Death’s Shadow of Doubt: Exploring Aggro-Control

Immediately following its mainstream introduction to Modern by Josh Utter-Leyton and his crew at GP Vancouver, Death’s Shadow gained significant footing in the metagame. The explosion of Jund Shadow onto the paper scene at roughly 10% has since cooled, with the deck taking a more reasonable 8% share when lumped in with Abzan Shadow builds. Part of the reason for this change is the deck’s splintering into distinct BGx and UBx variants, with Grixis Shadow leading the charge for Snapcaster Mage aficionados. The success of Grixis Shadow—or more specifically, Shadow’s occasional adoption of soft permission and cantrips—has led many to wonder whether the deck falls under the ever-misunderstood strategic umbrella of “tempo.”

I’ve touched on archetype theory before (a few times, in fact), and have since crystalized my vision. The aggro-control archetype in particular merits further discussion, and even a comprehensive text of its own. As I see it, tempo is one of two subsets of aggro-control… in addition to being a mostly-unrelated in-game mechanic! Confused yet? In this article, I’ll do my best to clear the smoke hanging over the murky waters of tempo and midrange.

*Disclaimer 1: Archetype discussion can prove tricky and controversial, so some readers may disagree with the theory laid out in this article. My goal here is simply to clearly articulate my own definitions. Success will inform my future articles, giving me a linkable piece to explain what I mean. That said, feel free to pick bones/brains in the comments.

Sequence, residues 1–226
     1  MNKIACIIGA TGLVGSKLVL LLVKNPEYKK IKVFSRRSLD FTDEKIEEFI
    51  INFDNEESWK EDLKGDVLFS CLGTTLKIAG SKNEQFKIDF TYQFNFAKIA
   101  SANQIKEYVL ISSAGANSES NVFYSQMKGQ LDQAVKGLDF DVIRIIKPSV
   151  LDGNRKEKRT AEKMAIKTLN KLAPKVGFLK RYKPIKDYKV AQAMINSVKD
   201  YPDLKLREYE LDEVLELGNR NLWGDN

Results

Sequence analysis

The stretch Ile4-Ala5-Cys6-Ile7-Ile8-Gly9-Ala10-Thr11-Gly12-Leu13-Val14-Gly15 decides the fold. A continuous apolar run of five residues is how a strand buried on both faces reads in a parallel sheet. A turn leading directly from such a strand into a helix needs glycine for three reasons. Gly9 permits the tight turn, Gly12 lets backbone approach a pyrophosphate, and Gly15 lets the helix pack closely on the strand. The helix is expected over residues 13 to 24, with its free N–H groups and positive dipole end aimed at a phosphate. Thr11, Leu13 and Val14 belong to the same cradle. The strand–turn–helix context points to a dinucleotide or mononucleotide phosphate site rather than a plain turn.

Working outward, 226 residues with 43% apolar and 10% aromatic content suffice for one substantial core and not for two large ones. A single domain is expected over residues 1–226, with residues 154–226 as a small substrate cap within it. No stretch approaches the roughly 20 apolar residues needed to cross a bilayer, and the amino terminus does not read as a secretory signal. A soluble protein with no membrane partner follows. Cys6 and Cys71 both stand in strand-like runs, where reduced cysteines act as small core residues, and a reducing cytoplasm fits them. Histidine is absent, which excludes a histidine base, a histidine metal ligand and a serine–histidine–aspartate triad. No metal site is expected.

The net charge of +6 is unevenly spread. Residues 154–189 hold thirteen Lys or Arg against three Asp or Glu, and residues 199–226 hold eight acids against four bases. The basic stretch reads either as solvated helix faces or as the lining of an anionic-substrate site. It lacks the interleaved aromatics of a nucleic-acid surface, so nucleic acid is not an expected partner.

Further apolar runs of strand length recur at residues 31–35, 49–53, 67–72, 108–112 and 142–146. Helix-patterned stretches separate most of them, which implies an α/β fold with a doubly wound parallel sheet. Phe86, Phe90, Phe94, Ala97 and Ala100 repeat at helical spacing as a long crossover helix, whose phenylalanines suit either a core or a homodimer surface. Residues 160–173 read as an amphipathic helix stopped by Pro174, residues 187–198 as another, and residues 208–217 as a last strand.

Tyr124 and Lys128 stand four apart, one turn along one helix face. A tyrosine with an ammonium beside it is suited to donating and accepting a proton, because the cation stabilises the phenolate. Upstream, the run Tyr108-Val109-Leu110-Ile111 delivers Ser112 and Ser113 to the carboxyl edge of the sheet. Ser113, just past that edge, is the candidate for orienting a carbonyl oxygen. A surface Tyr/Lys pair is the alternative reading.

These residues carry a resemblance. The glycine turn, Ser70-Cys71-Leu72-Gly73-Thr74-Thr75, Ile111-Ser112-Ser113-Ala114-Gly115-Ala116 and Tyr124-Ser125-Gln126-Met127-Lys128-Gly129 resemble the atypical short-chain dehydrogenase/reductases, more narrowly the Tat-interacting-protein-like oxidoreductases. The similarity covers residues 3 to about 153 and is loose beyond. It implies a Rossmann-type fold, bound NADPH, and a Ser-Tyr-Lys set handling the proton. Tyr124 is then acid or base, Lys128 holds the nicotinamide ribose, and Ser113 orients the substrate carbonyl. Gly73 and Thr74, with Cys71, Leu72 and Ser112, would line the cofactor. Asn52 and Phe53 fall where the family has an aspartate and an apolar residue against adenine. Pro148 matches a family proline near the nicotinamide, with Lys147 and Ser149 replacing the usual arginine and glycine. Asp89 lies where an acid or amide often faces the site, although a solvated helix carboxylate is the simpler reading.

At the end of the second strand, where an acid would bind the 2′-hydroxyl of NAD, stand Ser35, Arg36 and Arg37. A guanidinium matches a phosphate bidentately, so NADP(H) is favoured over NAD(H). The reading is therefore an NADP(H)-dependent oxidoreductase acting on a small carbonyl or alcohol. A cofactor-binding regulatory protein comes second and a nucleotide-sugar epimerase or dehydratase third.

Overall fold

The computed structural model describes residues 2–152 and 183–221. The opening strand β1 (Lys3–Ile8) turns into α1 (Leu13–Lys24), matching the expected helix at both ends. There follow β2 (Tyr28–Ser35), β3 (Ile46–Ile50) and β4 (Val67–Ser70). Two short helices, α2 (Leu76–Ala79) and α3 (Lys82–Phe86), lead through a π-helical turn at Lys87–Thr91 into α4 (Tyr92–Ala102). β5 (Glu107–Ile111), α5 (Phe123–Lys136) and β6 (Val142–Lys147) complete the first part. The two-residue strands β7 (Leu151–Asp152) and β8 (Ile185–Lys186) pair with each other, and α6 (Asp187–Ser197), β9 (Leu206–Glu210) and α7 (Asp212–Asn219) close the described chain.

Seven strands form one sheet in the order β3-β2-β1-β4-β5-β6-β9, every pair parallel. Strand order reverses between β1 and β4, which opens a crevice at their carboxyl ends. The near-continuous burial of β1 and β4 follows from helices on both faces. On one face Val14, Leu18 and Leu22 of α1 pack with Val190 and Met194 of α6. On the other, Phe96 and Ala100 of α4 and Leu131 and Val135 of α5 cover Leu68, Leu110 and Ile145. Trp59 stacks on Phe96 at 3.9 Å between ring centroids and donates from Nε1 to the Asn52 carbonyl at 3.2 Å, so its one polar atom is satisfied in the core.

*Disclaimer 2: I may self-plagiarize a little.

What Is Aggro-Control?

Magic strategy consists of three universally-accepted super-archetypes: aggro, combo, and control. Picture the three archetypes as occupying corners of a triangle. The triangle’s sides, then, represent hybrid archetypes: aggro-combo, aggro-control, and combo-control (aggro-combo-control, the G-Class of Magic archetypes, is rarely seen and smugly occupies the center of the triangle). Aggro-combo decks are aggro decks containing turbulent combo elements (Infect, Affinity), and combo-control decks are control decks boasting a combo finish (Temur Scapeshift). Aggro-control, though, is a trickier beast to pin down.

The Flavors of Aggro-Control

I disagree with the popular school of Magic thought that uses the terms “aggro-control” and “tempo” interchangeably. These definitions awkwardly exclude midrange decks from the archetype triangle, despite the fact that midrange decks clearly employ elements of aggro and elements of control.

In my eyes, aggro-control decks are interactive creature decks that disrupt opponents with either spells or permanents. They are also fair, meaning they don’t cheat on resources and do win over multiple combat steps. There are two types of aggro-control decks: midrange and tempo. Whether an aggro-control deck falls under one category or the other depends on the order in which it tends to deploy its threats relative to its disruption.

Midrange: Disrupts opponents, then establishes a clock.
Tempo: Establishes a clock, then disrupts opponents.

Midrange, or “Revenge of the Fatties”

Midrange decks spend their early turns disrupting opponents. By the time they’re ready to play threats, they have multiple mana sources available, giving the archetype access to some of the most impactful creatures in the game (Siege Rhino, Reality Smasher).

The two subdivisions of midrange are defined by the type of disruption they employ: spell-based or permanent-based.

  • Rock: Disrupts opponents with noncreature spells and planeswalkers and accrues card advantage with favorable trades, then takes games with its few, individually powerful threats.
    Modern examples: Death’s Shadow Jund, Abzan
  • Stompy: Disrupts opponents with noncreature permanents, then ends the game with high-curve threats. Stompy decks sometimes play similarly to fish decks, except the disruptive effects are more powerful and not on bodies (i.e. Thorn of Amethyst over Thalia, Guardian of Thraben). Since that means fewer attackers, stompy’s threats have to pull double-duty when it comes to closing out games and they’re frequently more expensive.
    Modern examples: Skred Red, Colorless Eldrazi Stompy